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Scandinavian cardamom buns

The story behind this mouth-watering staple Danish pastry dates back to the time I was running overnight experiments during my PhD studies. Oh, what a treat that was! :D

Back then, I was doing surgery on mice and had to monitor them by taking blood samples every other hour to measure their blood sugar levels as I was treating them with insulin. These nights were dreadful and exciting at the same time: there was no sleep for me, but I got to see how the data points connected after every experimental timepoint. I remember there was a huge beanbag and an IKEA blanket I borrowed from the neighbouring office so I could rest while I was not in running around in the animal facility. The automatic lights shut off, I got to watch Netflix and relax for 30 minutes at a time.

The first technicians arrived to the lab around 5:30 AM, and by that time I was so tired that I honestly didn't care how my data looked like, I was just happy to be productive and looking forward to my well-deserved breakfast (consisting of a quadruple espresso and a cardamom bun) at the company café. The café in the company I was working at was owned by Meyers, a catering company founded by Claus Meyer. Among many exceptional achievements, Claus has co-founded and co-owned several Michelin star restaurants (such as Noma and Studio), and has continuously shaped the landscape of Danish cuisine by

"fighting misery and promoting the opportunities and qualities of Denmark’s culinary heritage".

Read more about Meyers here.

My PhD mentor, Thomas, was a long-haired, tall, skinny, metal-head dude (but don't let the looks fool you he is a super smart family guy with 3 daughters). :D Anyway, the funniest part of these miserable, experiment-full, 24-hour shifts was that Thomas liked to go down to the company gym and do a little weightlifting here, a little crossfit there, but what he LOVED to do was to stroll down to the café after each workout session and basically nullify his exercise with one of Meyer's crispy-bottom, cushion-top, spicy cardamom buns. His technicians and I loved to tease him for this. And of course I was there with him stuffing my mouth. And we both deserved it.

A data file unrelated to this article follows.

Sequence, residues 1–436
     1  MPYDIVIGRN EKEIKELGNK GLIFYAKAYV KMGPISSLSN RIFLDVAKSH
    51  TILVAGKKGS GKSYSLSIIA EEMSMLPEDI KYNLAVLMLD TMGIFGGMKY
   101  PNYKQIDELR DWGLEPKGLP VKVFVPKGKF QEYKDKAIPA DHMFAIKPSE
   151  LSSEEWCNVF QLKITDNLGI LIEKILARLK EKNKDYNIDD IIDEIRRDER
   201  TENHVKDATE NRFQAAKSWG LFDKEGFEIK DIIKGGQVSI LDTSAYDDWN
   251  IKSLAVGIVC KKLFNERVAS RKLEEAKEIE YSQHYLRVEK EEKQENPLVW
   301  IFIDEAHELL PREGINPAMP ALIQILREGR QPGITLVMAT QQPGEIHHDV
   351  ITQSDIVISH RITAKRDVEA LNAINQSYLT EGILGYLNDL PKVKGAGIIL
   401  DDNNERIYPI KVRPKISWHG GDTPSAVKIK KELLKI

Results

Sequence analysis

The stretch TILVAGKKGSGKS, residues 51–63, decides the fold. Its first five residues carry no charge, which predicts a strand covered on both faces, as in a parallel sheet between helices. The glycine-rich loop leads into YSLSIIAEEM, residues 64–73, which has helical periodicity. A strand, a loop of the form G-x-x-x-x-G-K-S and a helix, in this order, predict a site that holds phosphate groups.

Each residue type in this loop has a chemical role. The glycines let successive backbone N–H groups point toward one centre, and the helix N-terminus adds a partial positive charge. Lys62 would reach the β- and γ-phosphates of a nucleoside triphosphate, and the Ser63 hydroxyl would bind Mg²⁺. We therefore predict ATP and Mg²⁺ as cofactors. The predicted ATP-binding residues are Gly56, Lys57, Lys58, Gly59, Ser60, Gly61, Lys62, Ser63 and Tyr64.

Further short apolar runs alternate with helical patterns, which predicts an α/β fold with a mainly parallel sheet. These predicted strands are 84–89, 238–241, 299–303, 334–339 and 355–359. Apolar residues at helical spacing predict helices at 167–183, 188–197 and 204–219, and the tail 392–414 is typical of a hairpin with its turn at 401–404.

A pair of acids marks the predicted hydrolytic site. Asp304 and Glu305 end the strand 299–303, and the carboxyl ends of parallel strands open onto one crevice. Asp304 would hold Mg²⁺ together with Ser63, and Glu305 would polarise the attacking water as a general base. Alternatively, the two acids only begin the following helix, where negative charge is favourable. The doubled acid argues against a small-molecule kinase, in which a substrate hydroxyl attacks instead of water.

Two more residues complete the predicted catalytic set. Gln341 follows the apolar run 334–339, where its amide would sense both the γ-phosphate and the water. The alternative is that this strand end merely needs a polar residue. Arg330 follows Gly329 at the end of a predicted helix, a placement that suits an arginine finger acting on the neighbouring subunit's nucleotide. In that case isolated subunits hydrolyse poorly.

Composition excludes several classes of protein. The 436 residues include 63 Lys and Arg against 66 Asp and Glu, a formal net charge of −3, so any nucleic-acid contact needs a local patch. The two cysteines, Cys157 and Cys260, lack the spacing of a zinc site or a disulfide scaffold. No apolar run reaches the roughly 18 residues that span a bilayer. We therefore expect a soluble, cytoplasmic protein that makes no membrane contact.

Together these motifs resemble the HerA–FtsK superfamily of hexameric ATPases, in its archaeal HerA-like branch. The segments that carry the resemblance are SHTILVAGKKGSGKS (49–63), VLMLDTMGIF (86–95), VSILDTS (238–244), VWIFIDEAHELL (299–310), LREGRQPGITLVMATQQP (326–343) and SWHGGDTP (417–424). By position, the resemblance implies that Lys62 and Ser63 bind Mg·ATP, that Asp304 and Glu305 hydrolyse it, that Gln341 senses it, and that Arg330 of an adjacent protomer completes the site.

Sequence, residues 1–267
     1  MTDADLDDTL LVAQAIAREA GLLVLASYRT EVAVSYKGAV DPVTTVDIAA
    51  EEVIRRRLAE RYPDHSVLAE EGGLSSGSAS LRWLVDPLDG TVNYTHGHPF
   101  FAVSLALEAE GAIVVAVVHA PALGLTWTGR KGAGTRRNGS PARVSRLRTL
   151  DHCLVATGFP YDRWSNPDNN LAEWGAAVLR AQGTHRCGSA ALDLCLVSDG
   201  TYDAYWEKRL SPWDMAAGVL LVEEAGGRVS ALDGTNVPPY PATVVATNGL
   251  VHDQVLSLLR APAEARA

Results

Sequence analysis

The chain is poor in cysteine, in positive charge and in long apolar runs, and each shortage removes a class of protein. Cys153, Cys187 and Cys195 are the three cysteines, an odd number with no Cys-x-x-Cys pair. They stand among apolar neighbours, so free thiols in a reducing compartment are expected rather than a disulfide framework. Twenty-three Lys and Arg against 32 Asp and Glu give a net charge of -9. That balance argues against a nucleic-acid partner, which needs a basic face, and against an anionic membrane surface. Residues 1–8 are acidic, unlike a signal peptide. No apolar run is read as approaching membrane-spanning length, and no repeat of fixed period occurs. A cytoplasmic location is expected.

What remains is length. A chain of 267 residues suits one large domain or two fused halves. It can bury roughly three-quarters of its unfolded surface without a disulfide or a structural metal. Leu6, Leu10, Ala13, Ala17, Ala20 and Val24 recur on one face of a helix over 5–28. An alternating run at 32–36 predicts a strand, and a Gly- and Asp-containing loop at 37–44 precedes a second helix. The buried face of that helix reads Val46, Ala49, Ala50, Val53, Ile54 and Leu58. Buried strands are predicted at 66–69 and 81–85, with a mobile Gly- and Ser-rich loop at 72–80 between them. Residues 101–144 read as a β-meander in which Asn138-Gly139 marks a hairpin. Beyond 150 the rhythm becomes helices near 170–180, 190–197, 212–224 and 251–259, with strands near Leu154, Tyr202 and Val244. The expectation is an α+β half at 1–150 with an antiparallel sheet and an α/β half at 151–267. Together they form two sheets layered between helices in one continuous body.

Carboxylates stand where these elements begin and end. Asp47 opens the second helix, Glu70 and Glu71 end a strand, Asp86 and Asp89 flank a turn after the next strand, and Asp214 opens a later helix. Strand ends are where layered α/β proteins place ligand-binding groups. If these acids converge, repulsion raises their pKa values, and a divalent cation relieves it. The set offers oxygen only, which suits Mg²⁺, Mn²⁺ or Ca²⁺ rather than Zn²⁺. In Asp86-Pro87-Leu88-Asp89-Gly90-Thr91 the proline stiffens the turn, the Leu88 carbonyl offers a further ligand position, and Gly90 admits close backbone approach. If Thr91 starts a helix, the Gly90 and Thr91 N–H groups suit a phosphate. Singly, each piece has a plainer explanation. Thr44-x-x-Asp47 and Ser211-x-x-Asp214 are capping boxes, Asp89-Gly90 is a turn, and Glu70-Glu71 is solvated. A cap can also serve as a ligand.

Below is my attempt at recreating those bittersweet memories. The buns tasted just like the real deal. :)



For the dough

1 kg wheat flour

150 g sugar

150 g cold butter, cut into small cubes

50 g yeast

15 g crushed cardamom

10 g salt

500 ml cold full fat milk

1 egg

For the filling (remonce)

200 g soft butter

200 g sugar

20 g cinnamon


1 egg, beaten

1 tbsp sugar (optional)


To make the dough

Crumble the yeast into the cold milk and mix together until it is almost homogeneous in a bowl. Add egg, sugar, salt, cardamom and mix well. Add flour and knead using an electric mixer on the lowest setting until the dough is smooth and separates from the bowl (approx. 7-8 min). Add butter cubes and continue kneading until the dough is shiny and smooth (another 7-8 min). Cover the dough with a cloth and let it rest for about 1½ hour on the counter top (1st proofing).

Knead the dough well using your hands forming a perfect ball, and pack it into plastic wrap. Place the wrapped dough ball into the fridge and let it rest for at least 1 hour (2nd proofing). While the dough rests, make the filling.

To make the filling

Mix butter, sugar, and cinnamon together using an electric whisk just until combined. Do not overbeat! Leave it covered on the counter top until the dough is ready.

To assemble the buns

Knead and roll the dough on a well-floured surface into a 30 x 60 cm rectangle. Spread the filling evenly over the dough using a dough/cream scraper.

Fold in 1/3 of the dough towards the middle and fold the other 1/3 on top, so that you have 3 layers of dough. Now roll out the dough again to approx. 30 x 30 cm, and cut it into 12 strips that are 30 cm long and approx. 2.5 cm wide (a pizza slicer works well for this).

Twist each strip 6-7 times lengthwise. Do not push too hard as that will squeeze out the filling. Pick up the twisted strip of dough with one hand, and twist it 2x around the index and middle fingers of your other hand. Place the remaining dough snippet over the two twists, tuck it in from the side almost making a knot so that the ends of the strips are hidden in the middle of the bun.

Place the cardamom buns baking sheets lined with parchment paper. Let the buns rise on the counter top to double their size. Brush buns with egg wash, sprinkle with a bit of sugar, and bake them at 200°C for approx. 12-14 minutes (a few minutes longer in fan oven) until golden brown. Cool buns on a rack before serving.

Enjoy! :)

Tip: If the buns turn dry the next day, try reheating them briefly in the microwave and enjoy them with a cup of tea/coffee.


Disclaimer: This recipe was developed by Meyers, I have only created a translation and adapted the recipe to my taste. Find the original recipe (in Danish) by Meyers here.


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Hi, thanks for stopping by!

I'm Julia, a recent PhD graduate in Biochemistry & Molecular Biology who now works as a Medical Writer in Scientific Communication. I was born in Subotica (SRB) and am currently based in Copenhagen (DK). 

I'm passionate about experimenting in my kitchen and all about turning family recipes into stories.

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